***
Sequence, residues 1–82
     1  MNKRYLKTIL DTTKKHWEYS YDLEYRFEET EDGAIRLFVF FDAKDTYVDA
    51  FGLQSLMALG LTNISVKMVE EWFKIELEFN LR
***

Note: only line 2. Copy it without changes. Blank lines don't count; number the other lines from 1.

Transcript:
     1  MNKRYLKTIL DTTKKHWEYS YDLEYRFEET EDGAIRLFVF FDAKDTYVDA